Escherichia coli

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(PD) Photo: Eric Erbe; Christopher Pooley
E. coli bacteria magnified 10,000 times.
A magnification of the E. coli strain O157-H7, capable of producing a powerful toxin which can cause severe illness. Most infections come from eating undercooked ground beef.
Credit: Janice Carr

Escherichia coli (commonly known as E. coli), is a Gram-negative flagellated rod-shaped bacterium. It is facultatively anaerobic.

Pathology

It is one of the main species of bacteria living in the lower intestines of mammals, known as gut flora. However, the bacteria are not confined to this environment, and specimens have also been located, for example, on the edge of hot springs.

When located in the large instestine, it assists with waste processing, vitamin K production, and food absorption. Discovered in 1885 by Theodor Escherich, a German pediatrician and bacteriologist, E. coli are abundant: the number of individual E. coli bacteria in the feces that a human defecates in one day averages between 100 billion and 10 trillion. The "coliform count" is a surrogate marker for fecal contamination of water.

Outside the gut, it can be an opportunistic pathogen. At least one serotype, however, is a source of serious food infection.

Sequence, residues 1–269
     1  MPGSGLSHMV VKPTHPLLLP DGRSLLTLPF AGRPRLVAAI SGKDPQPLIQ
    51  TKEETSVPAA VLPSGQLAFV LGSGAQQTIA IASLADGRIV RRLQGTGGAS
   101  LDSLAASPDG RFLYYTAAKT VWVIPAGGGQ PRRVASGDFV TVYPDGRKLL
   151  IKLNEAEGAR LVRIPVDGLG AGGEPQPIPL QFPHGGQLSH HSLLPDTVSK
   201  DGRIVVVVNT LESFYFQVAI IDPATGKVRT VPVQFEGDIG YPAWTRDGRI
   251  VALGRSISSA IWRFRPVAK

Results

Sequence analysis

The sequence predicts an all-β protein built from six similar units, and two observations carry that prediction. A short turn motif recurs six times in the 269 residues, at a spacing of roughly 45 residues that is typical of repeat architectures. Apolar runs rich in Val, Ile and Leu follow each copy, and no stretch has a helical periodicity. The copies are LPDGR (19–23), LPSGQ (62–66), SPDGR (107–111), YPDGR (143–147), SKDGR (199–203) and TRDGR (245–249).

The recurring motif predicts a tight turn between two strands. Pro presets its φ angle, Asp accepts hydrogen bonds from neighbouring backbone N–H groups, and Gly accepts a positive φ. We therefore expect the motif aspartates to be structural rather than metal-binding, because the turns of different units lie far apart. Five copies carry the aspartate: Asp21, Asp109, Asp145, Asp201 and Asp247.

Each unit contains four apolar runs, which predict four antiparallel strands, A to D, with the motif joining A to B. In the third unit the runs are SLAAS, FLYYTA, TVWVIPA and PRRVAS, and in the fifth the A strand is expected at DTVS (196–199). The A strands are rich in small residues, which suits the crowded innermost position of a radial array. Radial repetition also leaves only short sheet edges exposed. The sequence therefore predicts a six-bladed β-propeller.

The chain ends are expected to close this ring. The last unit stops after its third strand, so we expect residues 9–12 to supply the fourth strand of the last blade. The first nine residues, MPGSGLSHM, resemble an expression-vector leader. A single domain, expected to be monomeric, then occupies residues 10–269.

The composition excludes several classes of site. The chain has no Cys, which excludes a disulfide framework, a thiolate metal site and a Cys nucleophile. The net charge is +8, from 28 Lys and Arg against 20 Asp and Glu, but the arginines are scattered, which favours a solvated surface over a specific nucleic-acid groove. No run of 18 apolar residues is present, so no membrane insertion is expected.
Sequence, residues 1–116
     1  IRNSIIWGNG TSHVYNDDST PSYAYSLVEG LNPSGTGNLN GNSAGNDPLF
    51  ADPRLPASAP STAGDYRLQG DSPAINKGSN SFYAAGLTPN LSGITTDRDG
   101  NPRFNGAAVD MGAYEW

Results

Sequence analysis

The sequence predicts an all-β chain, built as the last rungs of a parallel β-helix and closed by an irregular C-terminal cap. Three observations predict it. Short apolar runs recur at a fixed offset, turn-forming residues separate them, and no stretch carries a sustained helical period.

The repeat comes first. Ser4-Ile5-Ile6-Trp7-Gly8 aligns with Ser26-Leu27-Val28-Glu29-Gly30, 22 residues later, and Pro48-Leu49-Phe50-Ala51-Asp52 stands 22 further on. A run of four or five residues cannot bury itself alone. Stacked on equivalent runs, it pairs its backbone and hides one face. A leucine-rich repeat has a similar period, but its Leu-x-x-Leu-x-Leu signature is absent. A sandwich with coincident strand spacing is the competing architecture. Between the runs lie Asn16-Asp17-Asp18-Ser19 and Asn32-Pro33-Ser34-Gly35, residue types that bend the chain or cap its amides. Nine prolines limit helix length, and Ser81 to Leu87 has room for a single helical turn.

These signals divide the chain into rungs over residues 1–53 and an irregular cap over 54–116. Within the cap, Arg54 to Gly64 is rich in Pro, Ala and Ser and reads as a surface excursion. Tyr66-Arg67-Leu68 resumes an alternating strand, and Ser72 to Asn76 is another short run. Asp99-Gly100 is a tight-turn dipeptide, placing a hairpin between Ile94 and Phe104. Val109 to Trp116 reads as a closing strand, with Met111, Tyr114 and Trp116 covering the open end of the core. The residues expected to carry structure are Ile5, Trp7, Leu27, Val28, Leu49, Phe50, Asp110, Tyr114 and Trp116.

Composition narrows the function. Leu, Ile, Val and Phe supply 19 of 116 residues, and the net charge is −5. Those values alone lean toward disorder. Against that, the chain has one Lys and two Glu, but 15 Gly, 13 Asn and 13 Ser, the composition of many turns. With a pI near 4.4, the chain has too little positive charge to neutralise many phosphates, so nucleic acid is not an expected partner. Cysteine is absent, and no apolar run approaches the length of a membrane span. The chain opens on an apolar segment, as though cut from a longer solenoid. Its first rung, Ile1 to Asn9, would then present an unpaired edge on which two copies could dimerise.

Serology

Substrains of the organism are characterized O:H, where O is the somatic antigen and H is the flagellar antigen.

Serotype O157:H57

Escherichia coli O157 is a "verocytotoxin-producing serogroup belonging to the O subfamily of Escherichia coli which has been shown to cause severe food-borne disease. A strain from this serogroup, serotype H7, which produces shiga toxins, has been linked to human disease outbreaks resulting from contamination of foods by E. coli O157 from bovine origin."[1][2]

Food infections from this type have frequently propagated through industrially prepared ground beef. Contamination of a grinder has contaminated thousands of pounds, which were then packaged into hamburgers and sent to fast food restaurants.

Serotype O25:H4

A new strain, which demonstrates both virulence and antibiotic resistance, was isolated in Munich in 2000. In particular, it has CTX-M beta-lactamases, or beta-lactamases against cefotaxime, previously an effective drug against gram-negative infections. It is a major source of serious urinary tract infections. [3]

References

  1. Anonymous (2015), Escherichia coli O157 (English). Medical Subject Headings. U.S. National Library of Medicine.
  2. Griffin PM, Ostroff SM, Tauxe RV, et al (November 1988). "Illnesses associated with Escherichia coli O157:H7 infections. A broad clinical spectrum". Ann. Intern. Med. 109 (9): 705–12. PMID 3056169[e]
  3. Johnson JR, Johnston B, Clabots C, Kuskowski MA, Castanheira M (2010), "Escherichia coli sequence type ST131 as the major cause of serious multidrug-resistant _E. coli_ infections in the United States", Clin Infect Dis 51: 286-94